Skip to comments.Five Best - Read 'Em and Laugh - My favorite comic novels.
Posted on 03/11/2006 4:59:36 AM PST by Caipirabob
1. "Leave It to Psmith" by P.G. Wodehouse (Doran, 1924).
May I begin a survey of superb comic novels by offering the collected works of P.G. Wodehouse--100 volumes, give or take? No? Well, how about "Leave It to Psmith"? Everyone knows about Bertie and Jeeves. Allow me to introduce Rupert Psmith. The "P" is silent, he explains, "as in phthisis, psychic, and ptarmigan." But the comedy is uproarious in this tale of an impecunious though impeccably turned out dandy who impersonates the modern poet Ralston McTodd--a scaly specimen--in order to cadge an invitation to Blandings Castle so that he can pursue the beautiful Eve Halliday. The plot is stuffed with improbable twists, farcical turns, breath-stopping complications and one of the greatest predawn flowerpot-throwing scenes in literature.
2. "Scoop" by Evelyn Waugh (Little, Brown, 1938).
"Scoop" is Waugh's funniest book and the best (and most savage) satire of newspaper journalism in English. William Boot is the retiring author of "Lush Places," a nature column in the Daily Beast, the brash flagship of Lord Copper's gargantuan publishing empire. He is not to be confused with John Courtney Boot, the ambitious novelist eager to get away from London and his girlfriend. A helpful friend, the mesmerizing Mrs. Stitch, invites Lord Copper to a lunch party, wraps him around her little finger and has everyone at the table regale him with the exploits of young Boot, "the Prime Minister's favorite writer." "Get Boot," Lord Copper commands, and his underlings buzz into action, producing the wrong Boot, of course, who is promptly outfitted and sent to the godforsaken African hot spot of Ishmaelia to cover the impending revolution. The rest is farce--or just journalism.
(Excerpt) Read more at opinionjournal.com ...
"The best of all that is decent in the world." Very apt comment by Vimto. Wodehouse showed how to amuse without vulgarity. Sadly, the world of Wodehouse has been replaced by sitcoms.
Now forget the movie Catch 22, it was awful and did not catch the spirit of the book at all. Mister Roberts was much better but still left out a lot, especially that part where the sailor gets a dose of the clap in the middle of nowhere and wants the doc to cure it. The doc can't believe that he wants to cure his "badge of courage". It is funny stuff but of course could not be included in the movie in those days.
Postmark to read later.
I must say, Three Men in a Boat, by Jerome K. Jerome, is one of the few novels that actually make me laugh out loud. I can heartily recommend it to anyone with a lingering case of the winter blues.
"Lucky Jim" bump!
And if you liked Kingsley Amis, I also recommend "The Alteration"
Scoop is one of the funniest books out there! I haven't read it for years - thanks for reminding me of it.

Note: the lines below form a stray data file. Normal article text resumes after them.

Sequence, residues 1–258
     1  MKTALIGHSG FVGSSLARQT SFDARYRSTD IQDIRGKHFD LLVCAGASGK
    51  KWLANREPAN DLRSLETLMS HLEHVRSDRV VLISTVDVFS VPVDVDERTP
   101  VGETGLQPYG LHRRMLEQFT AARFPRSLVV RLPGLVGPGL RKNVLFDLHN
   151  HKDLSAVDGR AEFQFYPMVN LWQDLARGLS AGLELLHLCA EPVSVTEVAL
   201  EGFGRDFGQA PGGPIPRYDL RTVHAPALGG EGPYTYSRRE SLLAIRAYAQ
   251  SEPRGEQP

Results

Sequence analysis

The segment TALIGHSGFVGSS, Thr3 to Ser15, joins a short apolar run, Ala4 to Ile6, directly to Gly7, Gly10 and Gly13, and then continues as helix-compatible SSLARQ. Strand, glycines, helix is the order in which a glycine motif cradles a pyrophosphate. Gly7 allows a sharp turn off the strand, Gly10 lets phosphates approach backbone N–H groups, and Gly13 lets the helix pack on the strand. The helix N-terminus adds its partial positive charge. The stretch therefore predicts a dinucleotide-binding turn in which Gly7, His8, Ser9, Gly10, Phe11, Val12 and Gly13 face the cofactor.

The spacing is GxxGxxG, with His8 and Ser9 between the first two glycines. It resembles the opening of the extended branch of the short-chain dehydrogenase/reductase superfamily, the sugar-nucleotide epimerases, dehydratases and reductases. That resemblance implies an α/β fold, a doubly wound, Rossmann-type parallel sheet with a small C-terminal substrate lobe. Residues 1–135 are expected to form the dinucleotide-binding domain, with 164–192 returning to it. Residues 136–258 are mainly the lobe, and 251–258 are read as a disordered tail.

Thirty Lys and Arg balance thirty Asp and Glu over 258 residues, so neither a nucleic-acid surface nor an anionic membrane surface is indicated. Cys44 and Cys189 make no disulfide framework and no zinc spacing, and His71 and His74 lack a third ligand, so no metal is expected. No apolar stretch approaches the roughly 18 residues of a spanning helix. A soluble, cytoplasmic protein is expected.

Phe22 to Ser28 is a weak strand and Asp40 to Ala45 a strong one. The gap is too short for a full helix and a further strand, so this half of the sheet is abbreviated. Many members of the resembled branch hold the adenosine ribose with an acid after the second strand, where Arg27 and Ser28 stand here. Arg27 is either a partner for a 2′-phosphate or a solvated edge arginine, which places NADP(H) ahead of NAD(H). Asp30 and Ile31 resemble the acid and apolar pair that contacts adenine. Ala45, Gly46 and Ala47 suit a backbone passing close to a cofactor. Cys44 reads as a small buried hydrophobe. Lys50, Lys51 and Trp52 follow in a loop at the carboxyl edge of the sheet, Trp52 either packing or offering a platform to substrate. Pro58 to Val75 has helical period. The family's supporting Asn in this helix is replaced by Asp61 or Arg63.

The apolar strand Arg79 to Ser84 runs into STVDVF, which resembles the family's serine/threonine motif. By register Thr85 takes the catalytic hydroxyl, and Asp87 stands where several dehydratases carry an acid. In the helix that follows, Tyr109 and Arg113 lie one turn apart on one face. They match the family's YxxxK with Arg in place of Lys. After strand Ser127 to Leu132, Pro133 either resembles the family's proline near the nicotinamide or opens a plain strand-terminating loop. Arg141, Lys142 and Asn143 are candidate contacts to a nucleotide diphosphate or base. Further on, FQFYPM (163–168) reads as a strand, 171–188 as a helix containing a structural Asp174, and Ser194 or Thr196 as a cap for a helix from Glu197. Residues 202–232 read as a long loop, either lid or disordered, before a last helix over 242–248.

A modern book I thought was very funny, although not quite as innocent, was "The Lecturer's Tale," by James Hynes. It is a satire on the pretensions of modern academic life and has some howlingly funny moments.
I haven't read Scoop but if it's his funniest it must be hillarious.
Any list that leaves out Catch 22 isn't worth its salt. I would add The Sot Weed Factor by John Barth (Doubleday 1967).
I could never get into 'Scoop', but recommend 'Black Mischief' and 'Put Out More Flags'.
Keith Laumer's "Retief" science fiction series has much of Wodehouse' style of wit- to the dismay of diplomats everywhere.
"Don Quixote" belongs on any list of comic novels.
I'm currently reading the Discworld books by Terry Pratchett, some of the funniest stuff I've read in years. I particularly liked this passage from The Wee Free Men:
'Here, wee hag! Stannit ye still, right noo!'
She stared up.
A tiny blue man had poked his head up out of the snow on top of the hedge.
'There's a headless horseman after me!' she shouted.
'He'll no make it, hinny. Stand ye still! Look him in the eye!'
'He hasn't got any eyes!'
'Crivens! Are ye a hag or no'? Look him in the eyes he hasnae got!'
The blue man disappeared into the snow.
Tiffany turned round. The horseman was trotting under the trees now, the horse more certain as the ground levelled. He had a sword in his hand, and he was looking at her, with the eyes he didn't have. There was the breathy noise again, not good to hear.
The little men are watching me, she thought. I can't run. Granny Aching wouldn't have run from a thing with no head.
She folded her arms and glared.
The horseman stopped, as if puzzled, and then urged the horse forward.
A blue and red shape, larger than the other little men, dropped out of the trees. He landed on the horse's forehead, between its eyes, and grabbed an ear in both hands.
Tiffany heard the man shout: 'Here's a face full o' dandruff for ye, yer bogle, courtesy of Big Yan!' and then the man hit the horse between the eyes with his head.
To her amazement the horse staggered sideways.
'Aw right?' shouted the tiny fighter. 'Big toughie, is ye? Once more wi' feelin'!'
This time the horse danced uneasily the other way, and then its back legs slid from under it and it collapsed in the snow.
'Big toughie, is ye? Once more wi' feelin'!' Words to live by! <g>
VENUS ON THE HALFSHELL by Kilgore Trout.....